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How the Detroit Lions’ future opponents fared in Week 5

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We take a look at how the Lions’ schedule outlook changed in Week 5.

Green Bay Packers v Dallas Cowboys Photo by Ronald Martinez/Getty Images

Seeing as we’re barely a month into the 2019 NFL season, most teams are still in an identity crisis. The Dallas Cowboys, for example, started the season 3-0 with a healthy lead in their division. But after two straight losses to NFC powerhouses, it’s hard to label them as a contender or pretender right now.

The same goes for the 2-1-1 Detroit Lions. They’ve competed with every team they’ve played thus far, but their standing in the conference is still very much up in the air. They only have one win against an NFC opponent and haven’t even played a divisional opponent yet.

So how do the rest of Detroit’s opponents look? Let’s see how Week 5 affected the outlook of their remaining schedule.

Week 6 at Packers (4-1) — Beat Cowboys, 34,24

The Packers had a statement game and now have to be considered one of the NFC’s best teams. They’re 2-0 in the division, they’ve picked up two road wins already, and the only blemish on their record is a loss to a respectable Eagles team—a game where they had a great chance to tie late.

Their offense is finally starting to come together with Aaron Jones as the centerpiece, and their defense remains under-appreciated by many. It’s still too early to call anybody “For real,” but the Packers are close.

Week 7 vs. Vikings (3-2) — Beat Giants, 28-10

A week after Minnesota was on the verge of a complete meltdown, they rebounded in nice fashion against the surging Giants. Kirk Cousins went from “huge waste of money” to one of the top performers of the week, completing 22-of-27 passes for 306 yards and two touchdowns.

Combined with Dalvin Cook, one of the league’s best running backs, this Vikings offense finally found some success... for a week.

Week 8 vs. Giants (2-3) — Loss to Vikings, 10-28

The Daniel Jones hype machine slowed significantly at the hands of an actual NFL defense. Jones averaged just 4.8 yards per pass attempt, as the Giants could only muster 211 yards of total offense. As for Golden Tate’s Giants debut: he could only muster a measly 13 yards on three catches.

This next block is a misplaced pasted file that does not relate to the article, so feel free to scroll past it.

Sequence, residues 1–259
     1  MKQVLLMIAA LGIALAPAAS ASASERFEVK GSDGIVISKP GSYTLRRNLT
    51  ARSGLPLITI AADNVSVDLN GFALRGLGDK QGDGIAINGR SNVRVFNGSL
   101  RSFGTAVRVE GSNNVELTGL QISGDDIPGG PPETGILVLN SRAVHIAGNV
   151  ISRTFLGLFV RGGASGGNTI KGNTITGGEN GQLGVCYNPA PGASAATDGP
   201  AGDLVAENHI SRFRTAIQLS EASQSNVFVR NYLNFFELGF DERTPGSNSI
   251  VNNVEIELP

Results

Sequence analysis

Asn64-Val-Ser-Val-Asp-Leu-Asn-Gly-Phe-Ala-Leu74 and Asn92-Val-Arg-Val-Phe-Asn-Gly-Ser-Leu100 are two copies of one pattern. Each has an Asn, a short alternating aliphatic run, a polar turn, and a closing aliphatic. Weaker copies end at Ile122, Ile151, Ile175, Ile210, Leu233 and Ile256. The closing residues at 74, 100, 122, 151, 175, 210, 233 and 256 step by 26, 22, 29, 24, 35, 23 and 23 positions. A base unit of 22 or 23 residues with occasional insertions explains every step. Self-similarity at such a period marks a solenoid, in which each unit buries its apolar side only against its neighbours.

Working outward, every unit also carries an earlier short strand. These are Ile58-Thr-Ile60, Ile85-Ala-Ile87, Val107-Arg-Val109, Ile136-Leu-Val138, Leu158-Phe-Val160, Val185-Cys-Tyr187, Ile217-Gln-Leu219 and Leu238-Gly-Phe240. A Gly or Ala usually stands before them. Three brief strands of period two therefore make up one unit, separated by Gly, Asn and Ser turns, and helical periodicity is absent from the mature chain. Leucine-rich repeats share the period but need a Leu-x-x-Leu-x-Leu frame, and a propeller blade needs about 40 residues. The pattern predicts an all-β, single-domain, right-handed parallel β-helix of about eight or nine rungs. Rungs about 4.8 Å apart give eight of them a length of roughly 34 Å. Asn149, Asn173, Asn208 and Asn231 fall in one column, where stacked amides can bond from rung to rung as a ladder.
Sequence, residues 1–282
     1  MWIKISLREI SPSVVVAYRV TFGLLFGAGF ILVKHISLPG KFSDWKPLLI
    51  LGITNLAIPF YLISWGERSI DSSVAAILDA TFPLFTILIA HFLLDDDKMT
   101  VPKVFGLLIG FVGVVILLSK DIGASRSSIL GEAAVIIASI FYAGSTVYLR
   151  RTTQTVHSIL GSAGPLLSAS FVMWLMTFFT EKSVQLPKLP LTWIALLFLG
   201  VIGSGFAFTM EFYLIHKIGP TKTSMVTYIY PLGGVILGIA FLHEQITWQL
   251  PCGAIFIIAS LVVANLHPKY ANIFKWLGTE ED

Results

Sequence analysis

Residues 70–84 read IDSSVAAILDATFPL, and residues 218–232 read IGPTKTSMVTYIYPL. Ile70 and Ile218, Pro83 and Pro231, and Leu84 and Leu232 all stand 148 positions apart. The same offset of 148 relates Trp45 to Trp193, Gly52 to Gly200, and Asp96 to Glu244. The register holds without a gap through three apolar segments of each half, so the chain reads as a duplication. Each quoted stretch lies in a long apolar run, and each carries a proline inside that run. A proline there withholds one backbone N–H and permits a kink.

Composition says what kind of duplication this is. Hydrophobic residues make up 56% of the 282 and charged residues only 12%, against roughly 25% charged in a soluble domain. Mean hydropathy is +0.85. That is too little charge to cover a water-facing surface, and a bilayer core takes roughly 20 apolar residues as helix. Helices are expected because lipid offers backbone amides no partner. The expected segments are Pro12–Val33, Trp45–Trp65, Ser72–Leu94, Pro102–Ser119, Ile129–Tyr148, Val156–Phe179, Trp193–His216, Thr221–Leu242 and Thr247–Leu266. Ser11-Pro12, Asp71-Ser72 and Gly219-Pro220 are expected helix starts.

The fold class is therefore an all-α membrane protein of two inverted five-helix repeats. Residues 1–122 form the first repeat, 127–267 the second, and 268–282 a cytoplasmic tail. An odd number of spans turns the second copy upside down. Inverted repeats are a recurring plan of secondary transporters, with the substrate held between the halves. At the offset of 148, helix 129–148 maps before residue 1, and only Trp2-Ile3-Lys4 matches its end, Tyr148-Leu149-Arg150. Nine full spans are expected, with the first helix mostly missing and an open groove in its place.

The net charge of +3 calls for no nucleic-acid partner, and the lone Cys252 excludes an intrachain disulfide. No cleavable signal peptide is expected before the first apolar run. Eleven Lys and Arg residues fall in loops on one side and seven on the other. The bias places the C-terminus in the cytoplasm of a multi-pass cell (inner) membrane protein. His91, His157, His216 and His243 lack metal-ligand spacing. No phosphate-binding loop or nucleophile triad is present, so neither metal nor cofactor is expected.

Week 9 at Raiders (3-2) — Beat Bears, 24-21

The Raiders looked impressive in London, taking it to the Bears in every phase of the game. They out-rushed Chicago by 127 yards. They out-sacked Chicago 4-to-0. They made Chase Daniel look like the backup quarterback he is.

Of course, the Raiders were also extremely self destructive in this one. They turned the ball over twice: once as they were about to score a touchdown, and another as Derek Carr attempted to pitch the ball to an unaware running back. Their mental mistakes nearly cost them a game they physically dominated for four quarters.

Week 10 at Bears (3-2) — Loss to Raiders, 21-24

It’s not every day that you see the Bears get bested at their own game plan. The defense that has made this team so dangerous was consistently gashed on the ground by rookie running back Josh Jacobs. Derek Carr completed 78 percent of his passes.

To be completely honest, I have never seen this Bears defense look so vulnerable. We’ll see if they can rebound after their bye week. But for now, Bears nation seems to be in a bit of a panic:

Week 11 vs. Cowboys (3-2) — Loss to Packers, 24-34

Dak Prescott looked flustered by a swarming Packers pass rush, as the Cowboys quickly fell behind the Packers and had to move away from Ezekiel Elliott. That’s never a good blueprint for Dallas and it showed. Their defense was embarrassed by Aaron Jones, and while their offense tried its best to mount a comeback, it was never in the cards for Dallas, who have forced fans to reconsider their Super Bowl aspirations.

Week 12 vs. Washington (0-5) — Loss to Patriots, 7-33

Washington became the first team to fire its head coach after being outscored 151-73 in their first five games. Their rookie quarterback is a mess. Their defense is among the league’s worst, and there is no sign of this team pulling out of a tailspin.

Week 13 vs. Bears (3-2) — Loss to Raiders, 21-24

See above.

Week 14 at Vikings (3-2) — Beat Giants, 28-10

See above.

Week 15 vs. Buccaneers (2-3) — Loss to Saints, 24-31

After a rough start to the year, the Bucs are starting to look like a team that could have a shot at a wild card this year. Though they lost in New Orleans this week, they hung with the Saints for much of this game.

Jameis Winston has settled down quite a bit, too:

First two games: 2 TDs, 3 INTs
Last three games: 9 TDs, 2 INTs

Their defense is still a bit of a concern, allowing Teddy Bridgewater to throw all over them on Sunday, but this team could potentially give Detroit trouble if they’re still in the playoff hunt in mid-December.

Week 16 at Broncos (1-4) — Beat Chargers 20-13

All week, I heard analysts say that the Broncos’ 0-4 record was a little misleading. Joe Flacco had been playing well, the defense had shown signs of being very good, and they were robbed of wins against the Bears and Jaguars.

They proved there was some truth to that, as they held off a good—but beat up—Chargers team on the road. Their defense forced three turnovers and Phillip Lindsay and Royce Freeman combined for 175 rushing yards on just 28 carries.

They’ve got a long road to pull themselves out of that 0-4 hole, but don’t count them out of a weak AFC quite yet.

Week 17 vs. Packers (4-1) — Beat Cowboys 34-24

See above.

Lions future opponents’ record in Week 5: 6-6